We may have some darkness in our past—words and deeds of which we are ashamed. Jesus wants us to know that he replaced those dark sins with his bright holy deeds. He wants us to know that with his death on the cross, he has scrubbed clean our record of the past and given us a fresh start.

So open your ears and hear it well: “Jesus loves you! Jesus forgives you! Jesus has opened heaven for you!”

Prayer:
Lord Jesus, you have forgiven all my sins and saved me from darkness. Now help me to live and speak like a child of your light. Amen.

DailyCreative Commons License Devotions are brought to you by WELS and www.WhatAboutJesus.com.
All Scripture quotations, unless otherwise indicated, are taken from the Holy Bible, New International Version®, NIV®. Copyright ©1973, 1978, 1984, 2011 by Biblica, Inc. ™ Used by permission of Zondervan. All rights reserved worldwide.
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He Shared Our Humanity – January 5, 2021

Since the children have flesh and blood, he too shared in their humanity…
Hebrews 2:14

He Shared Our Humanity


Daily Devotion – January 5, 2021

Devotion based on Hebrews 2:14

See series: Devotions

Does the name Ingvar Kamprad sound familiar? He died some years ago, but while he was alive he lived a very modest, normal life. He bought all of his clothes at secondhand stores. His home was very minimalist and unpretentious. When traveling, he always took public transit. If you think that sounds rather plain and unnoteworthy, I agree with you.

But the thing is, Ingvar was a multi-millionaire. In fact, he was the founder of the furniture giant IKEA. And yet, for a variety of reasons, he chose to live a very humble, modest life.

What would prompt the Son of God to share in our humanity and live a very humble, modest life? Why did he willingly trade his throne of glory for a lowly manger bed? Well, at first glance, things seem pretty peaceful. Mary gazes down at the child she bore. Jesus is wrapped in cloths. All is calm and serene. However, beneath the peaceful nativity scene, there’s an ugly backstory—our story. Sharing in our humanity meant Jesus would live under the demanding laws of God—the laws we have broken time and time again! Sharing our humanity meant Jesus would be blamed for every one of our sins and shortcomings—they are so numerous!

Sharing our humanity was not peaceful and serene for Jesus. Jesus traded the angel chorus of heaven for the initial sounds of cattle lowing and sheep baaing. And those sounds would change as he grew up, to dismissive comments, shouts of rejection, cruel mockery, and even death chants. He set aside his glory and wore the secondhand clothes of our humanity. And then he was covered in the tattered blanket of our sin. And then he suffered and died to pay for those sins.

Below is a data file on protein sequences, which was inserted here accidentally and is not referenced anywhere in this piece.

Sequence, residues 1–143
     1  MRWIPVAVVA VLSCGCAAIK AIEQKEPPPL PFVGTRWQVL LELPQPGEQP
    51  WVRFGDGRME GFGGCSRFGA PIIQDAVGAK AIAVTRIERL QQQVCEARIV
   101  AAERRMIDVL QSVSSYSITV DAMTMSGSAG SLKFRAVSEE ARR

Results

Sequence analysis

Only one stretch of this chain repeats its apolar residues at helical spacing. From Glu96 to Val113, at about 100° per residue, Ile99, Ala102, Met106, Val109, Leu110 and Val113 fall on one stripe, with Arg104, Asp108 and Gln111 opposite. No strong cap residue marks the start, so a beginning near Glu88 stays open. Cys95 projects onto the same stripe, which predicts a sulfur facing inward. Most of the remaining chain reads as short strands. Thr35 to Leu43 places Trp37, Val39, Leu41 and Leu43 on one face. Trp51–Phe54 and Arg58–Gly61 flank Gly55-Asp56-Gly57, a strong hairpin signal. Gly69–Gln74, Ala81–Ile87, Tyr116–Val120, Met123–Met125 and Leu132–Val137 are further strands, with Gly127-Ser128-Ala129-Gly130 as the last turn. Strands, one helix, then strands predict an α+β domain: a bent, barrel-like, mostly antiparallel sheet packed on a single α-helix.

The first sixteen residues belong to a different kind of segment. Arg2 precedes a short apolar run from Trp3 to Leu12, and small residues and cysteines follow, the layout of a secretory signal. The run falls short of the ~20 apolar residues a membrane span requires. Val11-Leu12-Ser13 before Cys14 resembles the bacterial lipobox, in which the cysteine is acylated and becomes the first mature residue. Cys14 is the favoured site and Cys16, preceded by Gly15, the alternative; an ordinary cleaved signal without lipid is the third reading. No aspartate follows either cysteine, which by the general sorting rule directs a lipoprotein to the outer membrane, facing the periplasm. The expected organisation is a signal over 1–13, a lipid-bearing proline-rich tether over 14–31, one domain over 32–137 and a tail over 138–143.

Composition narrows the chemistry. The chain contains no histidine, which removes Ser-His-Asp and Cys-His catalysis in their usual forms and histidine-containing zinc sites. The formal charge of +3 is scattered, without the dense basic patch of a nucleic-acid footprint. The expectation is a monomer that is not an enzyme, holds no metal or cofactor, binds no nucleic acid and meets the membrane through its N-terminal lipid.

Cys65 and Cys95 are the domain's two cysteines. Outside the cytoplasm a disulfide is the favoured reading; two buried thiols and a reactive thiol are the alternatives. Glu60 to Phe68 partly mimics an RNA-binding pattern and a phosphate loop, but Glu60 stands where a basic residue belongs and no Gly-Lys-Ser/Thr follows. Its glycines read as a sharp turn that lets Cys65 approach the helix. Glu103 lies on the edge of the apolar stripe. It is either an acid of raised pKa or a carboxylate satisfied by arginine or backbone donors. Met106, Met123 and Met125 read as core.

Sharing our humanity was not peaceful and serene for Jesus. But his perfect life and his sin-canceling death did bring peace to you and me. That’s why the Lord, who is rich beyond measure, shared our humanity and lived like he was poor.

Prayer:
Dear Jesus, for sharing my humanity—thank you! For keeping the law in my place—thank you! For carrying my sins—thank you! For being my Savior, my Friend, my Brother—thank you! Amen.

DailyCreative Commons License Devotions are brought to you by WELS and www.WhatAboutJesus.com.
All Scripture quotations, unless otherwise indicated, are taken from the Holy Bible, New International Version®, NIV®. Copyright ©1973, 1978, 1984, 2011 by Biblica, Inc. ™ Used by permission of Zondervan. All rights reserved worldwide.
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Baptism of Our Lord

Jesus is Revealed as Our Perfect Substitute

These are the readings for the Baptism of Our Lord Sunday.

God’s Word for This Week

“Why did Jesus need to be baptized? I thought baptism was for sinners?” That’s a common question among Christians. It doesn’t make sense that our perfectly sinless Savior would need to be baptized, yet he was. Why? Because Jesus had come to be our perfect substitute, and he is revealed as such in his baptism. God laid on him the sin of the world. (See John 1:29.) Even from birth, he endured the effects of our sin. Jesus wasn’t a sinner himself, but he was carrying our sin, pain, and sorrow. (See Isaiah 53:4.) He needed the assurance of God’s love and forgiveness, just as if he were a sinner himself. Jesus received those promises in baptism, just like we do.

First Lesson – Isaiah 49:1-6